Robert James Byrd (July 1, 1930 – July 27, 1990), known by the stage name
, was an American rock and roll and R&B musician.
Born in Fort Worth, Texas, Day moved to Los Angeles, California, at the age of 15. As a member of the R&B group, The Hollywood Flames, he used the stage name Bobby Day to perform and record. He went several years with minor musical success limited to the West Coast, including being the original “Bob” in the duo Bob & Earl. In 1957, Day formed his own band called the “Satellites” following which he recorded three songs that are seen today as rock and roll classics. Despite the similarity in personal and group names,this is not the Bobby Byrd that sang with, and was the founder of The Famous Flames, the vocal group whom with James Brown first began his career.
Day’s best known songwriting efforts were “Over and Over” made popular by the Dave Clark Five in 1965, and “
Little Bitty Pretty One
” popularized by Thurston Harris in 1957, Clyde McPhatter in 1962 and the Jackson Five in 1972. However, Day is most remembered for his 1958 solo recording of the Billboard Hot 100 No. 2 hit, “Rockin’ Robin”, written by Leon Rene under the pseudonym Jimmie Thomas. It sold over one million copies, and was awarded a gold record. “Rockin’ Robin” was a song covered by Bob Luman at Town Hall Party on October 28, 1958, The Hollies in 1964, Gene Vincent in 1969, Michael Jackson in 1972, and by McFly in 2006.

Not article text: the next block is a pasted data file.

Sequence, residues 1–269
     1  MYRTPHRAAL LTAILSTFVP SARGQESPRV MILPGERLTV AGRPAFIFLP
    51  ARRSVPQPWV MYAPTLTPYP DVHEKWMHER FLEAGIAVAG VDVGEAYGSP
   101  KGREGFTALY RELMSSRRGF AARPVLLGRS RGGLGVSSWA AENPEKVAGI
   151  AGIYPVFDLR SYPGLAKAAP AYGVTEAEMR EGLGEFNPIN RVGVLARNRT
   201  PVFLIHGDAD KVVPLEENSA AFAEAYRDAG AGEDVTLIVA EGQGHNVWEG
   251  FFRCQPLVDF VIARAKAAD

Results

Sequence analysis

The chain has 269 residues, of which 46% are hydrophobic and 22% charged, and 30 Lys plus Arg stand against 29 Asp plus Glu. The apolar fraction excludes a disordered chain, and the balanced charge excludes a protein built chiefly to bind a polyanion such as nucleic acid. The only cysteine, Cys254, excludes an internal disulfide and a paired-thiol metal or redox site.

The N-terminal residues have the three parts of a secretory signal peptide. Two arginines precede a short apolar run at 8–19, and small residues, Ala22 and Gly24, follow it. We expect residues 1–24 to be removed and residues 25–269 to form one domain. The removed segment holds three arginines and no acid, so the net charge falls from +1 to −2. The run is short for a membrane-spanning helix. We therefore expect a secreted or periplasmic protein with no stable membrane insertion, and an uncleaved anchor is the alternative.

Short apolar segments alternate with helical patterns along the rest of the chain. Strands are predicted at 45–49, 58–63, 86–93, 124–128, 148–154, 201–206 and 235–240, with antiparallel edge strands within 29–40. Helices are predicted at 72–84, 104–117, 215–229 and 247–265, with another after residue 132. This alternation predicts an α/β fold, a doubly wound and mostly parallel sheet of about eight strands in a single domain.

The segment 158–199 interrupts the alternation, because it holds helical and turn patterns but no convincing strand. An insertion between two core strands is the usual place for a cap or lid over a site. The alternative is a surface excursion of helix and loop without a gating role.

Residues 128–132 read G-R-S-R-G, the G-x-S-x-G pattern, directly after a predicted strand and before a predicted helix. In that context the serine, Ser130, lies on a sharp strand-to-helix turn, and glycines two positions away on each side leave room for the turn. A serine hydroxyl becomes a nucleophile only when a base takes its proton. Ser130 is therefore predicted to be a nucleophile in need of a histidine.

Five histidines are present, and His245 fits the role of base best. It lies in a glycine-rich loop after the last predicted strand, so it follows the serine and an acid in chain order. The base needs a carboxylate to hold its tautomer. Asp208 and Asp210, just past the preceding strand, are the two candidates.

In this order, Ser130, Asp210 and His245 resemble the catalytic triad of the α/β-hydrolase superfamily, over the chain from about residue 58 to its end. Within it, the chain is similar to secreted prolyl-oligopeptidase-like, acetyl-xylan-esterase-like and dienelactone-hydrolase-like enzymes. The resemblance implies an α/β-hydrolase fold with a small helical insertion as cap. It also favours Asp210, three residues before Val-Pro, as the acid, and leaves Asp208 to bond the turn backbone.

In 2012-2013, his uncharted recording, “Beep-Beep-Beep”, was the musical soundtrack for a US-nationwide Kia Sorento television commercial.
Day died of cancer in 1990, and was buried in Holy Cross Cemetery in Culver City, California.